Fellowship. It’s such a rich and meaningful word in the Bible, and yet a somewhat generic catch-all term in the vernacular of modern Christians. What is fellowship? In Scripture, fellowship is a word used to describe the common life that Christians enjoy with one another, as those who have been brought into a reconciled relationship with God through Christ by grace. Entire books have been written to flesh out this one word, given the depth and breadth of its use in the Bible.
If we were to do a study together of the concept (not just the word itself) of fellowship in the NT – at least as it concerns fellowship between Christians – we would see five major themes emerge from that study. To summarize, according to Scripture, Christian fellowship includes at least these five things:
- Sharing in the life and grace of God through our common union with Christ. (Acts 2:41ff; 1 Corinthians 1:9; 10:16; 2 Corinthians 13:14; Philippians 2:1; 3:10; 1 John 1:3, 7)
- Viewing and treating one another as genuine family members because of our common union with Christ. (Acts 2:42-47; Philemon 1:6; 1 John 1:3)
- Talking about and enjoying God and the Gospel with one another on frequent and regular basis. (Acts 2:42-47; Ephesians 4:11-16)
- Actively partnering with one another to minister to people and promote the Gospel. (Galatians 2:9; Philippians 1:5)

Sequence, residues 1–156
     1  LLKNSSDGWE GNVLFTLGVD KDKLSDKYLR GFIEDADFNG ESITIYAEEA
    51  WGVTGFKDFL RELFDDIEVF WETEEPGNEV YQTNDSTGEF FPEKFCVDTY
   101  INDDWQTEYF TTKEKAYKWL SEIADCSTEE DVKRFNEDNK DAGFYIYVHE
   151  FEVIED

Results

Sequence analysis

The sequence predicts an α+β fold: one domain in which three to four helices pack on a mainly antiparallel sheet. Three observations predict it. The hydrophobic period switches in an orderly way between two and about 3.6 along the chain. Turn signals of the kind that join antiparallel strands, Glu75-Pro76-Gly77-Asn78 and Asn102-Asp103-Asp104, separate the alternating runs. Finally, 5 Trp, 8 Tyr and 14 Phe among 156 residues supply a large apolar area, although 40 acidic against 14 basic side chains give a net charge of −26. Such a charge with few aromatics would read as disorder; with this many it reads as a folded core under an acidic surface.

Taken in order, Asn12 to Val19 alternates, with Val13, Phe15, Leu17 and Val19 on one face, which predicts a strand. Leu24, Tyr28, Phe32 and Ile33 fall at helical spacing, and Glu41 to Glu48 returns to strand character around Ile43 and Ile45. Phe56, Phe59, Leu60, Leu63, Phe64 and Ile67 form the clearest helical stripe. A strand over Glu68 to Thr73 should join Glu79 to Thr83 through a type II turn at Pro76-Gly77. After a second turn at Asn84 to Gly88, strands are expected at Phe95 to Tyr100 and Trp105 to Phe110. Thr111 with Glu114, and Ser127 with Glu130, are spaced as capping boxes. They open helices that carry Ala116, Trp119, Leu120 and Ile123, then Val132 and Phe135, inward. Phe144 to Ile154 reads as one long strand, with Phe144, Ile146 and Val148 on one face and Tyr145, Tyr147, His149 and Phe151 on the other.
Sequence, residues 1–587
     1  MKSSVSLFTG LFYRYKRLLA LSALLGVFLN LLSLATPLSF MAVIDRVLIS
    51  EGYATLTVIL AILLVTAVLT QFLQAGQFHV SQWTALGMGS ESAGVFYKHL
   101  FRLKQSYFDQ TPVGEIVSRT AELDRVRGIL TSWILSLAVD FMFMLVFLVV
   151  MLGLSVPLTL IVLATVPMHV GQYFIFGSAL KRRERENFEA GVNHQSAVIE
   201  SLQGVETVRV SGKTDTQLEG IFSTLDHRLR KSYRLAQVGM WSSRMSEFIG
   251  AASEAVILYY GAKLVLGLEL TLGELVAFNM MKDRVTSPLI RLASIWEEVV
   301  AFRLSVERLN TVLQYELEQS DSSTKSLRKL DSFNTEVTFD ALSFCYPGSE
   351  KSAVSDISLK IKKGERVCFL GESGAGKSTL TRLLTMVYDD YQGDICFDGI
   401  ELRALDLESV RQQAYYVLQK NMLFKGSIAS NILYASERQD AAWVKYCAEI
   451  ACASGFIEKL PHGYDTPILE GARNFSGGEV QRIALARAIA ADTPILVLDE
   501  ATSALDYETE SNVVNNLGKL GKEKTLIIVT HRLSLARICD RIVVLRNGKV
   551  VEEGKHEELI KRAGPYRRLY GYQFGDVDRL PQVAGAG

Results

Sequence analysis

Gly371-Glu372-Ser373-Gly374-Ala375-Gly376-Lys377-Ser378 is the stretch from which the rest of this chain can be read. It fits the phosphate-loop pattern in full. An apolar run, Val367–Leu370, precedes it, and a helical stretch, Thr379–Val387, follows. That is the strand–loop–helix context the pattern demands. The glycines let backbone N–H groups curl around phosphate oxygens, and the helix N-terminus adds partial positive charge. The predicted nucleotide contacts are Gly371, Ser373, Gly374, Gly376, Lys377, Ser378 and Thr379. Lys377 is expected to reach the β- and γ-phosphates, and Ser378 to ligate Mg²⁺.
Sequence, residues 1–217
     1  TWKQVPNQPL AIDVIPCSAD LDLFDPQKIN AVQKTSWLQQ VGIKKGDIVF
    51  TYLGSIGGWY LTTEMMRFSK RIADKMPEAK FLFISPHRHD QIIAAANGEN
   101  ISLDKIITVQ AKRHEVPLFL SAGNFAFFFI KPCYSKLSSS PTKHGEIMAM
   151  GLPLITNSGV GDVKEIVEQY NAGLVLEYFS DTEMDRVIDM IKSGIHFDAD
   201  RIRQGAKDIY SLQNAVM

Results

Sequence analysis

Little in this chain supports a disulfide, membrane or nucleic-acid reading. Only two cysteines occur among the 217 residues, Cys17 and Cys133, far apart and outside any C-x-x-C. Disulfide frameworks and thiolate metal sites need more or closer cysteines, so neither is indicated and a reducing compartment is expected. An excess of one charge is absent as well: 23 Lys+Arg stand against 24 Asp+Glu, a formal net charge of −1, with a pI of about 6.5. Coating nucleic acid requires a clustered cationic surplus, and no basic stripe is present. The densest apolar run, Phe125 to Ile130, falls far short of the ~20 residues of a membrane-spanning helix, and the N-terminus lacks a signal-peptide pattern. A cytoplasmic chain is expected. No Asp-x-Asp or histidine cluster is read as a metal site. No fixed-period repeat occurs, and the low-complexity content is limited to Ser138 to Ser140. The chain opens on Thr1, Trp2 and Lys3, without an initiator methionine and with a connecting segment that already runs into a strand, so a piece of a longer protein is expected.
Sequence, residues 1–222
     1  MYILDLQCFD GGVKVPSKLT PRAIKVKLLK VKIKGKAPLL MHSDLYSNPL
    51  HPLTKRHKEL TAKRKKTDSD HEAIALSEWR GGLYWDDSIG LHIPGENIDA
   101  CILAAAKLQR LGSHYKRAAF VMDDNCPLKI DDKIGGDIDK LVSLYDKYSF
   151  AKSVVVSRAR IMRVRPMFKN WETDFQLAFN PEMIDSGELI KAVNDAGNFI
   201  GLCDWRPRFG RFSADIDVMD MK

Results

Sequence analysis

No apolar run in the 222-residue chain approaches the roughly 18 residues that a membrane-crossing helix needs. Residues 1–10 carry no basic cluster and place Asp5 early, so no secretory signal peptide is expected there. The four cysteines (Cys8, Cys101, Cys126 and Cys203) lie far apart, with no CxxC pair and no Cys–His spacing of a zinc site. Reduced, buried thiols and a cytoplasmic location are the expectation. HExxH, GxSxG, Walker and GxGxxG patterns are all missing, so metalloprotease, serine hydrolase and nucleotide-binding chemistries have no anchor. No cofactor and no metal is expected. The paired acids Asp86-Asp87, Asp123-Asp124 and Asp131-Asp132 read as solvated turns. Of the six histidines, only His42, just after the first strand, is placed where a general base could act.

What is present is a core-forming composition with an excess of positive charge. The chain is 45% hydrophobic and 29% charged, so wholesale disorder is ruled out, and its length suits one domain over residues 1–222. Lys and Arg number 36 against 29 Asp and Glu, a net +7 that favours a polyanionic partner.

- Using our resources generously to bless one another in tangible ways. (Acts 2:44-45; Romans 15:26; 2 Corinthians 8:4; 9:13; Hebrews 13:16)
Is this what you are experiencing in your local church, Christian? I would suspect that for many of us, the biblical descriptions of fellowship simply do not resonate with much of our experience with our fellow Christians.
Why is that?
Surely some (or much?) of the blame falls on us, right? Often times, the phrase “you get out of it what you put into it” holds true when it comes to the level of true fellowship that we experience in our local churches. And if we’re honest, when it comes to fellowship, we often don’t put a whole lot into it.
Let’s be honest, if we expect the depth of our fellowship in the body of Christ to increase, we need to make the most of the opportunities we are given for it in our local churches. If we wait around for everyone else to “get their acts together,” we’ll never experience, enjoy, or profit from genuine Christian fellowship. Fellowship begins with you.
Do you want to make the most of fellowship? Here are ten words of counsel to help you do just that.
One: Resist the urge toward isolation and independence.
The urge toward isolation and independents lives in all of us. Truly, it has since the Fall. Sin separates us from God and from one another. This is true even for those more extroverted in nature (unlike me!). Those who may not take great pleasure in being alone are often prone to settle for (and even enjoy) more superficial relationships with others. This too is a form of isolation. Yet, fellowship by nature is relational. It requires being with people. And it requires going deep with people. Isolation from meaningful relationships with others does not make us better people. Our souls shrivel in isolation, whether we’re talking about the isolation of literal aloneness, or the isolation of superficiality. So, we need to actively resist the urge to go through life alone.
Two: View your fellow church members as the family God has given you to love.